Tuesday, October 25, 2011

When regulatory bodies go wild

In the aftermath of the 2008-09 financial crisis, there has understandably been broad support for "more regulation", particularly in the banking world. In many cases, increased oversight by a government or independent body is indeed both warranted and helpful. But this is not always the case, and unintended consequences abound--when the power dynamic shifts too far from the regulated to the regulator, who will be the watchdog's watchdog?

Along those lines, I've recently come across a couple of examples that highlight what happens when a regulatory body becomes too powerful for its own good. First, from nearby Fairfax County, Virginia:
A father's promise for a treehouse is turning into a lesson in bureaucracy. 
Before he left on his last deployment to Iraq, Mark Grapin promised his two boys he would build a treehouse when he got home. 
But Fairfax County officials say it is a violation of zoning laws. 
Living out a childhood dream, Eric and Sean Grapin helped their father build the sturdy treehouse, complete with a slide, two climbing ropes, a shingled roof, and even shutters to match the homes in the neighborhood. 
“I built the treehouse as a kept promise to my boys,” said Grapin. 
It was something for the boys to look forward to when Mark, an Army Aviation Specialist, would return back to Falls Church from Iraq. 
And this is no shack, it took $1,400 dollars worth of materials, six weeks of hard labor, and the boys even earned scout badges for their masterpiece. 
“It fits in the neighborhood, it’s part of raising children, it is what’s expected in a single bedroom community,” said Grapin.
But, of course, overly broad zoning laws make this kind of thing technically illegal. A special wag of the finger should also go to the "anonymous neighbor" who blew the whistle on the zoning violation in the first place. When we go running to the regulators instead of settling our neighborly disputes face-to-face, we know the needle has moved a bit too far in the regulatory direction.

Unfortunately, this isn't the only recent example of blind (and tone-deaf) adherence to the letter of the law over the spirit of the law. From Pittsburgh:
Steelers safety Troy Polamalu was fined $10,000 by the National Football League for talking on a cell phone while sitting on the bench during the game against Jacksonville, the league announced Friday.
Mr. Polamalu borrowed a cell phone from a team trainer Sunday to let his wife know he was OK after leaving the game against the Jaguars with concussion-like symptoms. League rules state: "possession of cell phones, [personal digital assistants] or other electronic equipment in the bench area during a game is strictly prohibited by league policy beginning 90 minutes before kickoff through the end of the game."...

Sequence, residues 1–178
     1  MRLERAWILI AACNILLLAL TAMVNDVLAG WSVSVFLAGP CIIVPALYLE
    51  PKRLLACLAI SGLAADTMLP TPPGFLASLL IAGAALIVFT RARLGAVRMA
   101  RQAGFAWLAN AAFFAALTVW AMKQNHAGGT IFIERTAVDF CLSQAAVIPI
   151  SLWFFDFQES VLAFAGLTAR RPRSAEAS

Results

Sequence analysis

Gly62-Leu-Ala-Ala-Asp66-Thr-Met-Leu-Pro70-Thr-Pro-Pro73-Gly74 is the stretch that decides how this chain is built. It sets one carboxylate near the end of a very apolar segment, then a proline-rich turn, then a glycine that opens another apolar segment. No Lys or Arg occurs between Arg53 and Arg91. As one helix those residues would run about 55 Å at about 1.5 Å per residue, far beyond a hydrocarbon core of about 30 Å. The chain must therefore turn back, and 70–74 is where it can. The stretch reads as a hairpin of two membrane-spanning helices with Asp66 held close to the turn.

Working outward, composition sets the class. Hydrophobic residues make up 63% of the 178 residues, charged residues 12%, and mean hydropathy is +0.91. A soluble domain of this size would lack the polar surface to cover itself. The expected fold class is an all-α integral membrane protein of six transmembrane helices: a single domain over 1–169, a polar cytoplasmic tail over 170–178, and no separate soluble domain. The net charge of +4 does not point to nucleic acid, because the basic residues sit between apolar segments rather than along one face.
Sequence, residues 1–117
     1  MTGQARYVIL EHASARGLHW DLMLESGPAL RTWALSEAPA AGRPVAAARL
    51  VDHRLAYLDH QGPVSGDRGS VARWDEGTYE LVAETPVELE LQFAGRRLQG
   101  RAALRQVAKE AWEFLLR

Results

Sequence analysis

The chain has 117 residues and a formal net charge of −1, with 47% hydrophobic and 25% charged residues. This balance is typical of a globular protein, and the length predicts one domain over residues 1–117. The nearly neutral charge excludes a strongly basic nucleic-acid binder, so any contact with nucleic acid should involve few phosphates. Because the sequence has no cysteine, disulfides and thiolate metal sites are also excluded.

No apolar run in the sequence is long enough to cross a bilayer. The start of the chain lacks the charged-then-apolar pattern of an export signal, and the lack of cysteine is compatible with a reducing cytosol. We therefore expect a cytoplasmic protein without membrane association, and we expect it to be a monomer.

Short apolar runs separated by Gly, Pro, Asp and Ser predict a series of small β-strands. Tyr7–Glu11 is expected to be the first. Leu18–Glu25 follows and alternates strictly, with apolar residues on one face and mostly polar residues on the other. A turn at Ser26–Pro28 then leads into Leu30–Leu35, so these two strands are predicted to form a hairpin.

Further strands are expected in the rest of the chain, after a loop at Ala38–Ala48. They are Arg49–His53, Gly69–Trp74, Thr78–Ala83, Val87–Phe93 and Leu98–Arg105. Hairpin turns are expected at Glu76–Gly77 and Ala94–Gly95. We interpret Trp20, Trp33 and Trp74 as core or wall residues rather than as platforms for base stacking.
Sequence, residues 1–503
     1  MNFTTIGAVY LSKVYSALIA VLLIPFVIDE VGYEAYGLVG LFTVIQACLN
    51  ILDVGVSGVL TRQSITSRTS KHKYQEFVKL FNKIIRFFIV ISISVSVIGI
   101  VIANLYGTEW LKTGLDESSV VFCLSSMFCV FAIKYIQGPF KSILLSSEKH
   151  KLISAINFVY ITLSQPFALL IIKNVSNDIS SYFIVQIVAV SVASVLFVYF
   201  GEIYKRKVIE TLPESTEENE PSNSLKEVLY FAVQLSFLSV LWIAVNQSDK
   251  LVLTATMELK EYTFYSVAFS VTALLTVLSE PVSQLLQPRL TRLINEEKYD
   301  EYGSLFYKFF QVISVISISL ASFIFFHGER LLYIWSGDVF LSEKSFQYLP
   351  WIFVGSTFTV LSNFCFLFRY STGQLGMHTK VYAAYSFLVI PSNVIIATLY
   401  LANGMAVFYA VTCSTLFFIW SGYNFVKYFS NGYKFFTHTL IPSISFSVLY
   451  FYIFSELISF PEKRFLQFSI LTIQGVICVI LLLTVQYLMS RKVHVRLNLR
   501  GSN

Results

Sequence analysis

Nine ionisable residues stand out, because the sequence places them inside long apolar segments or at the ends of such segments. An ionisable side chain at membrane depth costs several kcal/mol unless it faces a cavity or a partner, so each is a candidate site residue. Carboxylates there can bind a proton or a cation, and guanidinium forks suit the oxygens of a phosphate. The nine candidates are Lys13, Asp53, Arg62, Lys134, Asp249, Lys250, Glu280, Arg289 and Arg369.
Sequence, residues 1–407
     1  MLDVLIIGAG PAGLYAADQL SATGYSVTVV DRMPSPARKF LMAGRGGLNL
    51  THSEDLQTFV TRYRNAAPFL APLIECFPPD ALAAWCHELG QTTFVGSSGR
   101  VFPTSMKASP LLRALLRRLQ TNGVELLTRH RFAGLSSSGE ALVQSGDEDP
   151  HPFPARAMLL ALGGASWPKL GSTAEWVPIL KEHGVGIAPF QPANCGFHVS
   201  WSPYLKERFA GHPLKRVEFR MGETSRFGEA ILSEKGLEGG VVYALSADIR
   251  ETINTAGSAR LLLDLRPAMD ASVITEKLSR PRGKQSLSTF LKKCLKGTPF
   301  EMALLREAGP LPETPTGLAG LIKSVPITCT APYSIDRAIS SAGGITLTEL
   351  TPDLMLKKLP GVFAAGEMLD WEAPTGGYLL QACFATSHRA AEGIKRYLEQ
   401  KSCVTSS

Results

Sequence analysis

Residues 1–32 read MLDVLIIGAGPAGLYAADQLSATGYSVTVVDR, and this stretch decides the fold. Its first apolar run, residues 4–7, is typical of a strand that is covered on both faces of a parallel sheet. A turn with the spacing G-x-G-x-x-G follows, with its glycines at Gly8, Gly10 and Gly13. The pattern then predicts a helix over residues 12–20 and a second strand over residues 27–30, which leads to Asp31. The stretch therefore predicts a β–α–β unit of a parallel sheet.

At his weekly news conference earlier this week, Steelers coach Mike Tomlin defended Polamalu's use of the cell phone.
"He has had a history of concussion-like symptoms in the past," Mr. Tomlin said. "[Mr. Polamalu's wife] was concerned. In this era of player safety, you would think that common sense would prevail in some of these things. It wasn't a personal call. He wasn't checking on his bank account."...
The NFL has a long-standing policy on use of electronic equipment during games to protect the integrity of the game. The league does not want coaches or players using electronic equipment to gain a competitive advantage.
In this case, it seems that in trying to "protect the integrity of the game", the league has ironically damaged the integrity and reputation of the league itself. Troy Polamalu is one of the game's brightest stars, and he is by all accounts a solid citizen and a positive representative and ambassador for the league. But because he wanted to tell his wife he was okay, he got fined $10k. Granted, that kind of money is pocket change to a player who is due to earn more than $6 million this year (in addition to huge endorsement money from Head & Shoulders), but that's clearly not the point here.

When regulatory bodies begin to hide behind their own policies and rules rather than abiding by the spirit of their existence, these kinds of outcomes are inevitable. We may feel better knowing that oversight agencies exist, but the power we imbue them with can easily corrupt them. The job of oversight must ultimately come back to the citizens themselves--if we enlist a middle man agency to do our oversight for us, all we have done is shift the power from one group to another. We still must keep our eye on the regulatory agency, to ensure that they are not abusing their power and leading to undesirable outcomes (cough, the Fed, cough). We all must be the watchdog's watchdog.

[Pittsburgh Post-Gazette]

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